By Michael Shields and Fedja Grulovic
ZURICH/DAVOS (Reuters) - Anti-capitalists marched through Swiss cities on Tuesday to protest a planned visit by U.S. President Donald Trump to the World Economic Forum (WEF) and broke through a security cordon in Davos.
Leftists organisers called for the protests under the mottos "Trump Not Welcome" and "Smash WEF!"
Trump is due to speak on Friday at the WEF in the Alpine town of Davos, an annual meeting of global business and political leaders where protests have been banned.
About 20 demonstrators broke through security to reach the Davos Congress Centre, holding banners and shouting "Wipe out WEF" before they were peacefully disbanded by police.
"Trump is just one of the other people we disagree with. We've been protesting every year now against the World Economic Forum and if Trump comes or not we don't care. Trump is just, maybe he's just the best symbol of this world," protester Alex Hedinger told Reuters TV in Davos.
More than 4,000 Swiss soldiers have deployed to guard Davos alongside 1,000 police and a no-fly zone is in place.
Police estimated that there were 2,000 demonstrators in Zurich.
They carried flags and anti-globalist and environmentalist placards such as "No Trump, no coal, no gas, no fossil fuels" as they marched toward Zurich's financial district, where bankers had been warned to stay clear of the approved demonstration.
Swiss television RSR showed a sign that read "Who was the shithole?", in reference to reported remarks by Trump about Haiti and African countries, which he has denied.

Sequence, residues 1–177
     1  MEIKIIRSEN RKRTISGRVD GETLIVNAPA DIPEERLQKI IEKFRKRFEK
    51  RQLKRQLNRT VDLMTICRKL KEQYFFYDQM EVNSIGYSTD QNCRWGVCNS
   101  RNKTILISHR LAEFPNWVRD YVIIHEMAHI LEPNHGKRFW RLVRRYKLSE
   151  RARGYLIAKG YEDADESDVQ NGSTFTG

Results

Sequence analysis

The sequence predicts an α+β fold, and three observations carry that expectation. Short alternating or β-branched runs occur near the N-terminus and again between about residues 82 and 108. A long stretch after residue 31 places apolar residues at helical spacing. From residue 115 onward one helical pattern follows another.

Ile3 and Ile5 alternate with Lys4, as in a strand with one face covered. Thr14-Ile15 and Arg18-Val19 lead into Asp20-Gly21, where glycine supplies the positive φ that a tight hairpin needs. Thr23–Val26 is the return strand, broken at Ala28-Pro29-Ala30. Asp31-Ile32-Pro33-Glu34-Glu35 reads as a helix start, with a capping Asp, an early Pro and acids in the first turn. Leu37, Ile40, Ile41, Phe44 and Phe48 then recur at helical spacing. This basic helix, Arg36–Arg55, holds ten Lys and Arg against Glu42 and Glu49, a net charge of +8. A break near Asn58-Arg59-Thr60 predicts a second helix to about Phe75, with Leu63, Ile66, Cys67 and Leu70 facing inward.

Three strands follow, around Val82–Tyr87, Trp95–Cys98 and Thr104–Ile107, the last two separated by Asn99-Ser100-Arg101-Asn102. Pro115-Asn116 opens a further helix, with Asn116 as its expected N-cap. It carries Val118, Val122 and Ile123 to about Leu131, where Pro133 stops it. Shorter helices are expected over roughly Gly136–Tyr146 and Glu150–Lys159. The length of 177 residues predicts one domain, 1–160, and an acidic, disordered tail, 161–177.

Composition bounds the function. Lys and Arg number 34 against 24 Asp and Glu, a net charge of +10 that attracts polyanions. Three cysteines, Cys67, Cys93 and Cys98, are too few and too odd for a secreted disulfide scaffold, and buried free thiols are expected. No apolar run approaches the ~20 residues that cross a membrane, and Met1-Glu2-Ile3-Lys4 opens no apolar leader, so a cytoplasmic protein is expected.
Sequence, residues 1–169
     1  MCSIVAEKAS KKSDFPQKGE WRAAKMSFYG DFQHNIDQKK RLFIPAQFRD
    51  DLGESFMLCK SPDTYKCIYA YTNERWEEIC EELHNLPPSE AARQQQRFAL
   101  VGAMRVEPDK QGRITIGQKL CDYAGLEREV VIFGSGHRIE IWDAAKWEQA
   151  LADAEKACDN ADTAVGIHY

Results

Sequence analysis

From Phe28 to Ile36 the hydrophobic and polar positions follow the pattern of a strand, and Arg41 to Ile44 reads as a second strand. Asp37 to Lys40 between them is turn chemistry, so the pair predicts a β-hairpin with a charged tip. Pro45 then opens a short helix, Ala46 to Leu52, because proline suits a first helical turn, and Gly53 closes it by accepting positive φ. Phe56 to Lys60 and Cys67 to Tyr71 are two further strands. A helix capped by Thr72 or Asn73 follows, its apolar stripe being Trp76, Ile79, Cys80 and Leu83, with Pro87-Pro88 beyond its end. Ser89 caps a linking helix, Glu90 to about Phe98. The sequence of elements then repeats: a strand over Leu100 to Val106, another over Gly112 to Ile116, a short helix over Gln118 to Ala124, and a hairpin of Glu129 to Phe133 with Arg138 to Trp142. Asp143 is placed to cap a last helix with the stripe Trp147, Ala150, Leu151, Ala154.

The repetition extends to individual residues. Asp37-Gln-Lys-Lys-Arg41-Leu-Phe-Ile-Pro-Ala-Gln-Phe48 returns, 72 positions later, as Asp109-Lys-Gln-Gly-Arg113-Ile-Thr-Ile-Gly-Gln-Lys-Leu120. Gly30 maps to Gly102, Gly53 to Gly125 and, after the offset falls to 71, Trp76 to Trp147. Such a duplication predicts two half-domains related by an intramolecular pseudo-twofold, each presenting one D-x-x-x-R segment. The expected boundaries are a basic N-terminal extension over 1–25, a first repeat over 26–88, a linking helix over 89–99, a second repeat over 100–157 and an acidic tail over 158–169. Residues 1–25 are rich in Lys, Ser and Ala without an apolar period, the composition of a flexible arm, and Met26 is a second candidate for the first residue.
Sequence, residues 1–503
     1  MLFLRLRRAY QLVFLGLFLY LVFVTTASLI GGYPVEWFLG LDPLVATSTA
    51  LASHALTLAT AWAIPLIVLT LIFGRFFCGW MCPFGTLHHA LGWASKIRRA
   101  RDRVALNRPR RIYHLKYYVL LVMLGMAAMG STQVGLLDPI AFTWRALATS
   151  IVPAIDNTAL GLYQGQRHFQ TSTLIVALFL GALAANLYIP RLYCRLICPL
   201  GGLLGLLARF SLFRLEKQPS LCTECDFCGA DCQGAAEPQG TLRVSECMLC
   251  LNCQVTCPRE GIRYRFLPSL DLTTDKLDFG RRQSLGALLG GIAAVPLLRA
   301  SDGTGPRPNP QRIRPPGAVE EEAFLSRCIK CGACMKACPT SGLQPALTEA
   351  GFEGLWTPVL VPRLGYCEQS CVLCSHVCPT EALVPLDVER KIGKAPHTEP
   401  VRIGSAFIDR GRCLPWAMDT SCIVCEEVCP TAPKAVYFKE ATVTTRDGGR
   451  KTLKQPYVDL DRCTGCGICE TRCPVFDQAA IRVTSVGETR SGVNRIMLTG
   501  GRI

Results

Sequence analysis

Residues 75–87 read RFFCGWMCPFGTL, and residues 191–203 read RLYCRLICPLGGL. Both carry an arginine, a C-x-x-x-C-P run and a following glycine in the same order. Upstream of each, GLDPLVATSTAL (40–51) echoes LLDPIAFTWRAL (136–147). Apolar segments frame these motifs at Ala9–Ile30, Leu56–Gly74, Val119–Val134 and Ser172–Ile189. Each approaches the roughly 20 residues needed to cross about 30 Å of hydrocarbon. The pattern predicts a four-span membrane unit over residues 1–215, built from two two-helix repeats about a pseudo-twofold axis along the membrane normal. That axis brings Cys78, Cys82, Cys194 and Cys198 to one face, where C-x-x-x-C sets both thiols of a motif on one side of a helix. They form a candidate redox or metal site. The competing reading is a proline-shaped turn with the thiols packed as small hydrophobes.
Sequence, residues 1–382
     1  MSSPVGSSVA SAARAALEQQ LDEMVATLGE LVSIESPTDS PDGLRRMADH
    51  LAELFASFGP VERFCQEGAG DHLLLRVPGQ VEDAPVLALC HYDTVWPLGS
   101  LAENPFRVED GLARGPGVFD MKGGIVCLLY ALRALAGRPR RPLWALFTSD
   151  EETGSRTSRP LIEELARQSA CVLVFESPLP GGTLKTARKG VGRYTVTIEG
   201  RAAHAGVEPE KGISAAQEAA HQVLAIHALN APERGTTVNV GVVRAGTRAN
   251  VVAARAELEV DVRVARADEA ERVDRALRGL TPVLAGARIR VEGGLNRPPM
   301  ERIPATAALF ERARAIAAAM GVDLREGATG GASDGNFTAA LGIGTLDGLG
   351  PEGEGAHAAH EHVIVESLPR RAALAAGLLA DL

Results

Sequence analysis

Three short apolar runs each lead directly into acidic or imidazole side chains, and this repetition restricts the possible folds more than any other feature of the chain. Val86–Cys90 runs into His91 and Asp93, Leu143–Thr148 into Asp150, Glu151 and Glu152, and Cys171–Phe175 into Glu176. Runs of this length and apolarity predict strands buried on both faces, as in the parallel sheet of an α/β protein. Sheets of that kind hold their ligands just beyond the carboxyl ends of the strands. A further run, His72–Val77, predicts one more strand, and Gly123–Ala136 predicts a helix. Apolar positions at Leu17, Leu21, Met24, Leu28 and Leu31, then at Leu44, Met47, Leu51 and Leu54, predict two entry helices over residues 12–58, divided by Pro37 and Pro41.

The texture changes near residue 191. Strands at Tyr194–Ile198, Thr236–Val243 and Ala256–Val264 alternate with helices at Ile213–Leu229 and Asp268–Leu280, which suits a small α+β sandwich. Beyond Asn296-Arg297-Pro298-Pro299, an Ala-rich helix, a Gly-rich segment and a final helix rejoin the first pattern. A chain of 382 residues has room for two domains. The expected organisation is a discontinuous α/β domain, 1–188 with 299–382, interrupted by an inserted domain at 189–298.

Several hundred protesters also marched in public squares in Geneva, Lausanne and Fribourg. Geneva signs read "World Economic Fiasco", "racist sexist capitalist" and "Don't touch women's rights".
Geneva demonstrator organiser Paolo Gilardi told Reuters TV: "While the Swiss Federal Council (Swiss cabinet) is about to welcome and unroll the red carpet for Mister Trump, well we think that the population has something to say."
"This policy is unacceptable because the goal ... is to reduce the planet to fire and blood and to assure the powerful people's domination over the rest of the world."
Earlier in Geneva, protesters laid a wreath at the entrance of the U.S. diplomatic mission in memory of Heather Heyer, who was killed in Charlottesville, Virginia, amid clashes between white supremacists and counter-protesters last August.
After the rally, Trump inflamed tensions by saying there were "very fine people" on both sides, drawing condemnation from some Republican leaders and praise from white supremacists.
Earlier this month, demonstrators also protested against Trump's visit in the Swiss capital of Bern.
That march was peaceful, unlike violent anti-WEF protests in several Swiss cities in the early 2000s.
(Reporting by Michael Shields in Zurich, Fedja Grulovic in Davos and Cecile Mantovani in Geneva; writing by Michael Shields and Stephanie Nebehay; Editing by Matthew Mpoke Bigg)